Abstract and Introduction
A unique opportunity to conduct a longitudinal analysis of semen quality in a male subject immediately before, during and after COVID-19 infection, has revealed new insights into the impact of this virus on male reproductive function. A moderate COVID infection that did not require hospitalization resulted in a state of azoospermia that persisted for 4 weeks. Given that the duration of spermatogenesis and epididymal sperm maturation in the human is 78 days, we calculate that a viral attack on the germ line was initiated at or before the patient was symptomatic and may have been signalled by a sudden reduction in sperm count and motility, several weeks earlier. Before the virus had been fully cleared, reinitiation of spermatogenesis occurred as evidenced by spermatozoa reappearing in the ejaculate exhibiting high levels of motility but significant levels of oxidative DNA damage as measured by a modified 8-OHdG assay protocol. These unique data indicate that even a moderate COVID-19 infection is capable of rapidly inducing a state of azoospermia that rapidly reverses as the infection wanes.
The COVID-19 pandemic has been responsible for the loss of over 4.5 million lives since it first broke out of China towards the end of 2019. Initially, it was the elderly or patients with pre-existing medical conditions such as asthma, diabetes, and heart disease who appeared to be particularly vulnerable to viral attack. However, subsequently, the highly infectious Delta variant has proven capable of infecting younger age groups and creating a range of morbidities including the disruption of male fertility.[1,2] The spike protein that gives the COVID-19 corona virus its name, is known to target ACE2 (angiotensin converting enzyme 2), which is highly expressed by several cell types in the testes including Leydig cells, Sertoli cells and the germ line. What little data is currently available, suggests that COVID-19 can be detected in the semen of a small proportion of patients and can certainly gain access to the testes. In this location, it induces both a reduction in testosterone levels and the disruption of semen quality, impacting all aspects of the latter including sperm motility, morphology, and count.[3–6] However, there is a surprising degree of variability between studies, with some analyses reporting a very mild disruption of the semen profile while others report azoospermia in a majority of patients. Some of this disparity may reflect shortcomings in published studies addressing the impact of COVID-19 on male fertility including, (I) the timing of disease onset relative to the semen analysis and (II) a lack of information concerning disease severity.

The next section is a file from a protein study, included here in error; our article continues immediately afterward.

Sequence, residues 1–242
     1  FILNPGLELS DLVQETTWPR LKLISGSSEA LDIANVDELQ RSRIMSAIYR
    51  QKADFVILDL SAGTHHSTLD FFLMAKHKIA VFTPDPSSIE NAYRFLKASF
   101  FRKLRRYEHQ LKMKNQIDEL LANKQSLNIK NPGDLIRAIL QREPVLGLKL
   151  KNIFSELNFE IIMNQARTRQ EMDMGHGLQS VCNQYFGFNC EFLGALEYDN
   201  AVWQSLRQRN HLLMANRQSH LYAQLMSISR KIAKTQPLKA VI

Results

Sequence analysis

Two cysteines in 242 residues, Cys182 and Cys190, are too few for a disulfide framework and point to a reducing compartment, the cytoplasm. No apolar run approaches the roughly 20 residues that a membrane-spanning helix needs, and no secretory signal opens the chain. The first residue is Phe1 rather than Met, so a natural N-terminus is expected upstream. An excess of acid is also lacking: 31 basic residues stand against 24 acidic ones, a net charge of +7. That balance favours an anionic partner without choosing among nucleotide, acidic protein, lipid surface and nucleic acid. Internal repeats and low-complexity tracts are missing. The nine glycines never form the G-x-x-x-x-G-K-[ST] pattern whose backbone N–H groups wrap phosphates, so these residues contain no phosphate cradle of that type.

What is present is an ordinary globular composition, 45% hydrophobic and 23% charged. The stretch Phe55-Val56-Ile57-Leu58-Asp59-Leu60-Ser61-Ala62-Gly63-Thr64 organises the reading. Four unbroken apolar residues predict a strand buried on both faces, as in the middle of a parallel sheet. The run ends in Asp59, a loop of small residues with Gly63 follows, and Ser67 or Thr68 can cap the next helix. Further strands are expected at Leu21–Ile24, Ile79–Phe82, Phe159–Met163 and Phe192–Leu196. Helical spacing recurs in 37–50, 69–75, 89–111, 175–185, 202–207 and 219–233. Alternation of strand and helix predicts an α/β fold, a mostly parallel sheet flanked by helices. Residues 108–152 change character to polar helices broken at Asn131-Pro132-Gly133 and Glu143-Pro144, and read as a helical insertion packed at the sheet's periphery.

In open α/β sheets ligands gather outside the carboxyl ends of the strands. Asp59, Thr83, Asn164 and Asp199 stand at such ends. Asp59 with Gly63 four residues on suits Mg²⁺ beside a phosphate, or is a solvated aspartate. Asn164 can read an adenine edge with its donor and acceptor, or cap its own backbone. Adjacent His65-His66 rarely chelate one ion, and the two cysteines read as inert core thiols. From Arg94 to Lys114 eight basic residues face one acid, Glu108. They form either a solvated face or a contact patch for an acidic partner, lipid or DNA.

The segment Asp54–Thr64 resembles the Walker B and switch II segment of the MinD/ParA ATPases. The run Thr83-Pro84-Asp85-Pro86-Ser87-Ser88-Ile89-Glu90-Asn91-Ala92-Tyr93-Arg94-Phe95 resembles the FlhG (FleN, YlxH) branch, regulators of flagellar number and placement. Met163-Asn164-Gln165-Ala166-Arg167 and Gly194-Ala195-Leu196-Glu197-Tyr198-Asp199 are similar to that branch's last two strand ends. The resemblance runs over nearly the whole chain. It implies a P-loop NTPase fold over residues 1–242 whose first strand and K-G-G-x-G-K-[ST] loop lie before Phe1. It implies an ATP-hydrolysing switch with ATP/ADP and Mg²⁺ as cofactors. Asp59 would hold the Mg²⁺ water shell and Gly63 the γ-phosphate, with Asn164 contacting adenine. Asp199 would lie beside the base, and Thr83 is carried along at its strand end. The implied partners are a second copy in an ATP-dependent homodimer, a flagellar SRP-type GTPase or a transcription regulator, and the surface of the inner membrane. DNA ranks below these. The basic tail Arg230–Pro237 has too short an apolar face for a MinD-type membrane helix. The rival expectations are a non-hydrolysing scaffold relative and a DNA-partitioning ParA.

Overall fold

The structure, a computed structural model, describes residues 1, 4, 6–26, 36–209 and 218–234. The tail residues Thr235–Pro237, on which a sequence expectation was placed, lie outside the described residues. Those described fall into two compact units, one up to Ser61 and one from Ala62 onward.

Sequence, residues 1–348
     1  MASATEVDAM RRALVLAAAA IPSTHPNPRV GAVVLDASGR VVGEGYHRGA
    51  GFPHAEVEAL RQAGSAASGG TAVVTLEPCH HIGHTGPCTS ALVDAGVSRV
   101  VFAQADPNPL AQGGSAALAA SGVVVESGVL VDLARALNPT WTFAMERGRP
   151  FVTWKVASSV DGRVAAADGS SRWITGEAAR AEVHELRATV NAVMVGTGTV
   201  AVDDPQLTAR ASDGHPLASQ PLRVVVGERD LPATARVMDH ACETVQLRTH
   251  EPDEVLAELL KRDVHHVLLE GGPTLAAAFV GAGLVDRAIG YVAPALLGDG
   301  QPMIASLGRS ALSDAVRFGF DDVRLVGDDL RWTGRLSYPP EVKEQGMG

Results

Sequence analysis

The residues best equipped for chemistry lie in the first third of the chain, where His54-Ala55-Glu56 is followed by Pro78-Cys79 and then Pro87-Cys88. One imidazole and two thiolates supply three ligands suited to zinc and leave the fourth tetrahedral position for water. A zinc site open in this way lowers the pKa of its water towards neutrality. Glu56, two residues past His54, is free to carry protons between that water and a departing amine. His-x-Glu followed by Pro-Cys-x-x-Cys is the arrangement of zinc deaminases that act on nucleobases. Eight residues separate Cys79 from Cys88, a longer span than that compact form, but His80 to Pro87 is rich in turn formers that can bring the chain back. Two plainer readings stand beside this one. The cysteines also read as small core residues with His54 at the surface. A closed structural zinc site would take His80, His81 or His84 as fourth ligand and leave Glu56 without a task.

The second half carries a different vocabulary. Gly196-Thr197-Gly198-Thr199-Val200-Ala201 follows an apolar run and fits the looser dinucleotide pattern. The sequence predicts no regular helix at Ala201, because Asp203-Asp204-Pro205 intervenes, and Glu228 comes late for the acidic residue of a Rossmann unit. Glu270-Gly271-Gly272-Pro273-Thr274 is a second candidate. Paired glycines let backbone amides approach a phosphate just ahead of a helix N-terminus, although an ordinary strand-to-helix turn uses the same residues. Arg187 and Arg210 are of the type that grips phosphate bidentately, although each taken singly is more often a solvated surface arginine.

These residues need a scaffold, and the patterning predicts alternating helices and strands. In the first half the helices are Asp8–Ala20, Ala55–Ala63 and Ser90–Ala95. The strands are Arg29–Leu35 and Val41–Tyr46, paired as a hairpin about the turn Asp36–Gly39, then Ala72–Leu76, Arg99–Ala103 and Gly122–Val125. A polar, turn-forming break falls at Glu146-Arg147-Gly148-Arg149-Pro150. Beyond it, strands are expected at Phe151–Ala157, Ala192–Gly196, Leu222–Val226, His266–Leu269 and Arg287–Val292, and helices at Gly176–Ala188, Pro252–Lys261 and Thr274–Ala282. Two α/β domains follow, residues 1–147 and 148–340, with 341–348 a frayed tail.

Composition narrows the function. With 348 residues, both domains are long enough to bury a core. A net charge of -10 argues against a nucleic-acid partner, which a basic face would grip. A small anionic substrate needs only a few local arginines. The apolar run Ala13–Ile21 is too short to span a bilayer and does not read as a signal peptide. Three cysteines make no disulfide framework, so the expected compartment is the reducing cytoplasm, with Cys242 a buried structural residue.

Most attempts to determine whether COVID-19 infection can influence semen quality have followed a cross sectional study design in which semen quality has been analysed in a group of post-COVID-19 patients, either in isolation or in comparison with a cohort of control subjects that have not suffered infection with this virus. Even when an opportunity has arisen to conduct longitudinal studies of semen quality prior to and following COVID infection, the gaps between semen analysis and the onset of the disease (up to one year) and between recovery and the post infection analysis (at least 3 months) have been considerable. Furthermore, in all studies conducted to date, there has been little opportunity to define the precise relationship between the onset and severity of symptoms and any change in semen quality. In the attached case report, we address this important issue by exploring the unexpected infection of a semen donor within our scientific research program. By carefully monitoring semen quality up to the point where the donor was declared COVID-19 positive and then shortly after he had been declared COVID free, we reveal a surprisingly rapid and severe impact of viral infection on the semen profile, which then reversed within one spermatogenic cycle.
We present the following article in accordance with the CARE reporting checklist (available at https://tau.amegroups.com/article/view/10.21037/tau-21-935/rc).
Transl Androl Urol. 2022;11(1):110-115. © 2022 AME Publishing Company